Drop Box (2006) – By Duane L. Martin

 It happens all the time. People rent a video and then accidentally return the wrong tape (or DVD, but in the case of this film it was a tape.) Sometimes it’s a tape of your kids’ birthday party or a funny clip of the day grandma got her new set of dentures. Unfortunately for a spoiled rotten pop princess named Mindy however, the mistake was a little more serious. Seems she got drunk and high and had a threesome with her boyfriend and her best girlfriend and her and ger girlfriend had a really hot lesbian go around which was all caught on tape. Unfortunately, she was so high apparently that she rented the movie Glitter. You’d have to be high to rent that anyway, but in her rush to get it back to the video store before her latest video shoot, she grabbed the wrong tape and stuck it in the Glitter case. The rest of the movie involves her trying to get the tape back from a video store clerk who doesn’t appreciate her bad attitude and basically tortures her through most of the film, setting conditions for how she can get it back.

So that’s the story, and with that said, I’ll just start off by saying that is was very literally one of the best written, best acted, best produced and most enjoyable films I’ve seen in a really long time. I had a smile on my face from start to finish and there were plenty of laughs to be had throughout the film.

I think what I liked the most about this film was the quality of the actors. With only a few exceptions, they actually took the parts and became those people. It’s kind of hard to explain, but basically when you watch a movie you generally feel like you’re watching people who are acting in a movie. When you watch this film however, you feel like you’re watching real people for the most part. Naturally the situations are a little goofy and many of the characters have funny eccentricities, but nearly all of them had a depth and a realness to them that you don’t find in most films.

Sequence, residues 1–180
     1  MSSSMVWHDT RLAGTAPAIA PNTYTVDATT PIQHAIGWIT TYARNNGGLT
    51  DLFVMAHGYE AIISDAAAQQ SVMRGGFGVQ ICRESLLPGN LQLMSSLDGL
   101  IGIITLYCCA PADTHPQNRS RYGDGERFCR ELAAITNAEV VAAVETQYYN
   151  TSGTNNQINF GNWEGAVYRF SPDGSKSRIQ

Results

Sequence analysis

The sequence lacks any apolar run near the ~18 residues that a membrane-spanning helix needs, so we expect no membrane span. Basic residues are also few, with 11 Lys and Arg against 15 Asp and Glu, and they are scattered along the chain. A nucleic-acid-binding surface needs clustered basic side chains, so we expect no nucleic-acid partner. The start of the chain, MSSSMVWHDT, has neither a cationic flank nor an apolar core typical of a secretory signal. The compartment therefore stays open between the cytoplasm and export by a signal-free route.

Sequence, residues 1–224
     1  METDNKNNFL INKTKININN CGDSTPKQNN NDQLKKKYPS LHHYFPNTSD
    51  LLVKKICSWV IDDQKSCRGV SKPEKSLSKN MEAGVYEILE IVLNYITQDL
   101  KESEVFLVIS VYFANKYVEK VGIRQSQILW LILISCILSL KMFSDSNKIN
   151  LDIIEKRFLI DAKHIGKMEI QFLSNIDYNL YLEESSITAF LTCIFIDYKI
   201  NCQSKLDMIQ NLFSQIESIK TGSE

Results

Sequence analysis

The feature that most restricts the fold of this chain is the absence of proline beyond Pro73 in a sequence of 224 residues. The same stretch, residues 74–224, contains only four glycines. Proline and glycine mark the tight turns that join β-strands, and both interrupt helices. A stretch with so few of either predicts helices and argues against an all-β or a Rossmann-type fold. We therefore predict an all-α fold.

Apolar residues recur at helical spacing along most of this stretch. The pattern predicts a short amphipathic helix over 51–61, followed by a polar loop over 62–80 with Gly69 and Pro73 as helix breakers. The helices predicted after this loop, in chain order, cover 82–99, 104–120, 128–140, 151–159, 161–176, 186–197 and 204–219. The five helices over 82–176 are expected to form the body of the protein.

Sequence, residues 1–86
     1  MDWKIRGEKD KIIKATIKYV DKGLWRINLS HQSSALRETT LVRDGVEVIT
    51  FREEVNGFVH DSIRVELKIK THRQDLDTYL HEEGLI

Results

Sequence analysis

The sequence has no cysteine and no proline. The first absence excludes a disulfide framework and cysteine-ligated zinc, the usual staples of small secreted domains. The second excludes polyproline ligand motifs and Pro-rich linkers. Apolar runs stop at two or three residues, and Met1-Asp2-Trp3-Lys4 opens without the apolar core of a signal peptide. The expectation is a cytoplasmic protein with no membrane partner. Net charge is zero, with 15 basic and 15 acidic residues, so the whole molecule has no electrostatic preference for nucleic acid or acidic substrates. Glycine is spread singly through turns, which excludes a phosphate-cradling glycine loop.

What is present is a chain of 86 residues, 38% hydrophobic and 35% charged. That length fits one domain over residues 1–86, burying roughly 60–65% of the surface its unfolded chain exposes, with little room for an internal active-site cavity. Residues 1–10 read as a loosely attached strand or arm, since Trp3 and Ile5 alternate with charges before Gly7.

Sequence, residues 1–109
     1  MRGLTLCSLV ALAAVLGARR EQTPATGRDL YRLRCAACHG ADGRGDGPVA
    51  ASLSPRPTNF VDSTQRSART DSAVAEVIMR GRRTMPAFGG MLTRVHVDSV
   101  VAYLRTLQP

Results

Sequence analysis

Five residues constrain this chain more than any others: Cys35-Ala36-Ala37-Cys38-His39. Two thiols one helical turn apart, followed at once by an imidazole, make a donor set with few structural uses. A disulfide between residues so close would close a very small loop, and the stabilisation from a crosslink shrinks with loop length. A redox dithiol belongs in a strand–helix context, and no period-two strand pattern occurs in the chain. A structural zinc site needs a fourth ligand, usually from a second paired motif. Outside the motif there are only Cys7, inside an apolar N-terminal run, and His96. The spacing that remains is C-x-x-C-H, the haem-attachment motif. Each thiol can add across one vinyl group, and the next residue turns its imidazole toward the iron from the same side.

Tom (David Cormican), the video store clerk who’s holding the tape is a pretty complex character. He’s basically a dick, but at the same time he’s a really good and decent guy as well. See, much like me, he gives crap to people who deserve it and is nice to those who don’t. The spoiled pop princess, Mindy (Rachel Sehl), starts off as a total bitch, but over the course of the film, develops a good relationship with Tom, actually leading them to becoming friends and possibly even more at the end of the film. Her change came about because she was used to being rude and getting her way all the time, and Tom showed her what it was like to be on the receiving end of that type of treatment. She found out how unpleasant it was and also got to do some introspection about how she had become a slave to her career, and to her handlers. She was more worried about what would happen to her career if the tape ever got out than she was about the embarrassment it would cause to her and her family. It was a good life lesson for her, and at the end of the film, she was a better person for the experience. An eccentric and fun group of side characters including Paul (Neil Whitely) the money grubbing video store owner, Frank (Bob Ormerod) the dirty old man and war veteran, as well as several of the more interesting customers really rounded out the film and turned it into an experience rather than just another movie.

On a technical level, everything about this film was outstanding as well. The shots were all set up nicely and well thought out, the lightning was perfect, the sound was great and really well recorded and the editing moved the film along at a perfect pace for the story. I never once got bored or felt like anything was dragging. Aside from replacing a few of the minor side characters with better actors, I really don’t know what they could have done to make this film better.

One other thing I’d like to note as well is that there was some pimping of at least one if not more indie films in this movie. Obviously I don’t know about all the indie films out there, so there may have been more than just this one, but several times in this film the "Pizza The Movie" DVD box was shown on the shelves in the video store. I reviewed that film and interviewed it’s director Donald Gregory in past issues of Rogue Cinema, so I spotted that right away. It was pretty cool that they threw that in there and it’d be nice to see more people doing little things like that to give a little nod to others in the indie community.

The long and the short of it is that this is just an all around excellent movie. Unfortunately, it’s not available yet as they’re currently looking for a distribution deal. Hopefully they’ll get one soon, and as soon as they do, you all need to grab yourselves a copy. Believe me, you won’t regret it.

If you’d like to find out more about this film, you can check out the film’s website at http://www.dropboxthemovie.com.